Journal Article

Antibiotic-induced persistence of cytotoxic <i>Staphylococcus aureus</i> in non-phagocytic cells

Oleg Krut, Herdis Sommer and Martin Krönke

in Journal of Antimicrobial Chemotherapy

Published on behalf of British Society for Antimicrobial Chemotherapy

Volume 53, issue 2, pages 167-173
Published in print February 2004 | ISSN: 0305-7453
Published online February 2004 | e-ISSN: 1460-2091 | DOI:
Antibiotic-induced persistence of cytotoxic Staphylococcus aureus in non-phagocytic cells

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  • Medical Oncology
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Objectives: After infection of non-phagocytic cells, some Staphylococcusaureus strains are able to survive and kill their host cells. The purpose of this study was to determine the action of various antibiotics on the survival of host cells and/or intracellular S. aureus.

Methods: Murine keratinocyte (PAM212) and fibroblast (mKSA) cell lines were infected with cytotoxic S. aureus and cultured in the presence of various antibiotics at graded concentrations. The viability of host cells was measured 24 h after infection. To determine the bacterial viability within host cells, cellular lysates were prepared and colony forming units were quantified using a spiral plater. Host cells infected with fluorescein isothiocyanate (FITC)-labelled S. aureus were analysed by flow cytometry and microscopy to determine the subcellular localization S. aureus.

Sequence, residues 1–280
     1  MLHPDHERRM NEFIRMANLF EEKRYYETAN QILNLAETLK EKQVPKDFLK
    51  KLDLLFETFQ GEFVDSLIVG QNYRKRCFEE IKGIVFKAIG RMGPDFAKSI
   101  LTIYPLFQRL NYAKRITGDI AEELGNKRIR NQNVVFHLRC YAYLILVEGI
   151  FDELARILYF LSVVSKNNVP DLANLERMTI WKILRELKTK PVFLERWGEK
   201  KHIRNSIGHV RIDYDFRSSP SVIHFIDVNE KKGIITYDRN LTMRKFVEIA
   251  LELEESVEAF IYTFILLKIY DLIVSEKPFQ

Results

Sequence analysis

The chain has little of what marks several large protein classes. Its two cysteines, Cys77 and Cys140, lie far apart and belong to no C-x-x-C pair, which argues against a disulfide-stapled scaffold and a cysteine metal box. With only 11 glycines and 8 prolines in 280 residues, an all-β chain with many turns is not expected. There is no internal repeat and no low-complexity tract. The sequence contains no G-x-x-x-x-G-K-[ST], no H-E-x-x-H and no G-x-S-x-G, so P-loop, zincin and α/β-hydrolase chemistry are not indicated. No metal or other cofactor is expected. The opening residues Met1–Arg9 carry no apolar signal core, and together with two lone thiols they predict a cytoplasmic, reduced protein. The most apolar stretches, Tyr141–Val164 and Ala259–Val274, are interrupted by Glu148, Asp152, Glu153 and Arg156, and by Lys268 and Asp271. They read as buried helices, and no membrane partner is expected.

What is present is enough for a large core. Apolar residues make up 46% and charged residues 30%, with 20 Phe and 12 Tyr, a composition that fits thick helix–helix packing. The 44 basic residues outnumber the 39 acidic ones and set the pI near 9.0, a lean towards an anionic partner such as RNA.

Results: Oxacillin, vancomycin, gentamicin, ciprofloxacin and trimethoprim/sulfamethoxazole did not rescue host cells from cell death induced by intracellular S. aureus. In contrast, linezolid, rifampicin, azithromycin, clindamycin, erythromycin and quinupristin/dalfopristin suppressed the cytotoxic action of S. aureus. After withdrawal of antibiotics, intracellular S. aureus regained cytotoxic activity and killed their host cells. Only rifampicin was able to eliminate intracellular S. aureus completely within 72 h. In contrast, clindamycin, azithromycin and linezolid induced a state of intracellular persistence of viable S. aureus.

Conclusions: Antibiotics commonly used for the management of S. aureus infections appear to create a niche for invasive intracellular S. aureus, which may play an important role for persistence and recurrence of infection. Because of its unique ability to eliminate intracellular S. aureus, rifampicin appears to be valuable for the treatment of invasive S. aureus infections.

Keywords: Keywords: anti-infective agents, staphylococcal infections, microbial susceptibility tests, cell death

Journal Article.  3900 words.  Illustrated.

Subjects: Medical Oncology ; Critical Care

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